“India is a world within a country.”
That sentence from a new Indian friend sums up perfectly the experience of a first-time visitor to this amazing place where you will be left speechless by the many overwhelming images that just might cause your camera finger to tire.
Maybe it’s in Agra at the Taj Mahal, whose familiar iconic images do little to prepare visitor for the fabled monument to love. Or maybe it’s in Varanasi where the spiritual bathe on steps that disappear into the holy and historic but filthy Ganges.
But it’s often just the everyday street scenes—in their majesty and beauty or in their wretchedness and despair—that can leave their imprint. A memory of a beggar girl of about three-years-old, doing gymnastics in the middle of a traffic jam on a main street in Delhi, remains lodged in my brain, months later. Garbage piled high in the ancient alleys of Varanasi stays with me, as does the image of a bull strolling through a shop there at night. That scene drew nary a raised eyebrow from the locals. But there’s so much more.
I saw my first camel on the road to Jaipur. About an hour outside Delhi, glancing out the window of our air-conditioned Toyota, I looked across the highway median to see the dun-colored animal pulling a battered, wooden cart with a group of sari-clad women huddled in the center, like flowers in the desert. Cars, trucks, and motorcycles rushed past. And they were gone before I could point it out to my husband. Another of India’s small miracles.
The culture shock on any trip to India can be daunting, no matter how much you’ve prepared. There’s a kind of sensory overload of crowds, colors, smells, dirt, sound and despair.
Normally, I never take tours arranged by travel companies, preferring instead to find my own way. But I would recommend that even experienced travelers book a tour company for a first-time visit to India. We used Luxury India Holidays, and they booked everything within our time frame, arranging flights within India, but more importantly arranging drivers and tour guides in selected cities.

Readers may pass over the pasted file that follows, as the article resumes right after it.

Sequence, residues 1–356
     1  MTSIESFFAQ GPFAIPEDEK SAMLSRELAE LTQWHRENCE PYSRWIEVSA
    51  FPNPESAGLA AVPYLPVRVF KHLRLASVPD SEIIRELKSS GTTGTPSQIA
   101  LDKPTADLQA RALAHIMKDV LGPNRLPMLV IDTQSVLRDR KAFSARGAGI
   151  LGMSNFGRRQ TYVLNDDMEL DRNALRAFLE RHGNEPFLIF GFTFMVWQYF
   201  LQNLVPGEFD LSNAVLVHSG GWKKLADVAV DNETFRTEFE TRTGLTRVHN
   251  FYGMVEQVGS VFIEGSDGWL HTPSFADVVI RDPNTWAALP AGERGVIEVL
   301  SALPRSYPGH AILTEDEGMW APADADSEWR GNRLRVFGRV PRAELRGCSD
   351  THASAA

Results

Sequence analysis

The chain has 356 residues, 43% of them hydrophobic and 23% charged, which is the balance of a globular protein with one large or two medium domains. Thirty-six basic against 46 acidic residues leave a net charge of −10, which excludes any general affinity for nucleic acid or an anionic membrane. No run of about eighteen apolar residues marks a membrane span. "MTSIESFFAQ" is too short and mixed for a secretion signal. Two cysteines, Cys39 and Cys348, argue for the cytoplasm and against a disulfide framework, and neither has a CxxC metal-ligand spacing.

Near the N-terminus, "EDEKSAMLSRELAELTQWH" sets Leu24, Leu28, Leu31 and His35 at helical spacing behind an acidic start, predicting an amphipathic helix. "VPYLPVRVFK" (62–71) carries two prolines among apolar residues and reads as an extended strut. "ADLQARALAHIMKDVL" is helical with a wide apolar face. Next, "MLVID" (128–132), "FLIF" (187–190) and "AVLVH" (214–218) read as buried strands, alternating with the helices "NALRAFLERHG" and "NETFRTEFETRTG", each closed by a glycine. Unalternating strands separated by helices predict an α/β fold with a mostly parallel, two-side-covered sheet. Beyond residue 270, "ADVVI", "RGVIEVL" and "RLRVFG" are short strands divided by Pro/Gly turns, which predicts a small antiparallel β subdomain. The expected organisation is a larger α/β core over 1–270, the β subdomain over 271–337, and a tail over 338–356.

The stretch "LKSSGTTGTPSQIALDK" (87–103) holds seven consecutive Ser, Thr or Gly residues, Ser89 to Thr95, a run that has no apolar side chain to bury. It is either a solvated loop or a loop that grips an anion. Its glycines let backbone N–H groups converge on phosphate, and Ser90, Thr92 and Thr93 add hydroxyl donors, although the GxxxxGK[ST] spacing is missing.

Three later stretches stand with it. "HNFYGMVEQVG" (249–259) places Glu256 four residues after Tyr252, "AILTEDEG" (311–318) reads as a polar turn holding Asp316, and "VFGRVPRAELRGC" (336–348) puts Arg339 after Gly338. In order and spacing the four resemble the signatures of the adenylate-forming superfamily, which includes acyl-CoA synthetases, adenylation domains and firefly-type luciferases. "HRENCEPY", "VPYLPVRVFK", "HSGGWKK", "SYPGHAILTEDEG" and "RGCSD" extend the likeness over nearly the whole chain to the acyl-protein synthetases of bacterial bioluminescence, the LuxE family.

After a 15-hour flight from the U.S., we arrived in Delhi and breathed our first fresh air in many hours when we left the airport. The air carried the scent of smoke from wood fires and burning cow dung used as fuel by the poor, many of whom live in makeshift shanties along the road.
Driving in India is a dangerous game best left to the locals, who aren’t surprised by the time it takes to get from place to place, in part because of poor roads, in part because of horrible traffic. Our driver took us through a large swath of the state of Rajasthan, home of the maharajas and the Amer Fort. It took us more than four hours to drive the little more than 100 miles from Jaipur to our tiger safari at the Ranthambhore National Park, mostly because of bad roads.
While much of it must have been annoying for our driver, the excursion was a non-stop visual feast for us: camels pulling carts along the road, women in jewel-toned saris harvesting crops with a sickle, traffic jams like none you’ve seen in the U.S., filled not only with trucks and cars, but with bicycle rickshaws pulled by strong young (and some old) men, motorcycles, horse- or camel-drawn carts, herds of goats, tractors, slow-moving cows, tuk-tuks—a kind of open-air taxi about the size of a golf cart—and even, once, an elephant milling about in all the confusion of a stall caused by an accident.
India is huge, with more than 1 billion people in an area about a third the size of the United States with its population of just over 300 million. Unless you have time for a months-long trip, you have to make some choices ahead of time about where you want to go and when. Monsoon season rules out some areas in some months and temperatures in excess of 100 degrees rules out other areas at different times. The north of India is part of the Himalayas (you can see Mount Everest at sunrise), which can make it too cold and snow-packed for travelers in colder months.
India is a country of extremes, in almost every way imaginable, the combination of which gives India its magnetic pull. You will see very wealthy people and in-your-face beggars; large, modern cities and rural villages so poor that women in saris harvest crops with a sickle; ancient temples and palaces that share the landscape with plastic-and-tin roadside housing for the modern-day poor; landscapes of mountains and beaches, the tropics and deserts.
And it’s a love-it-or-hate-it place. For me, its pull is impossible to ignore. Get more information at the official Indian tourism website .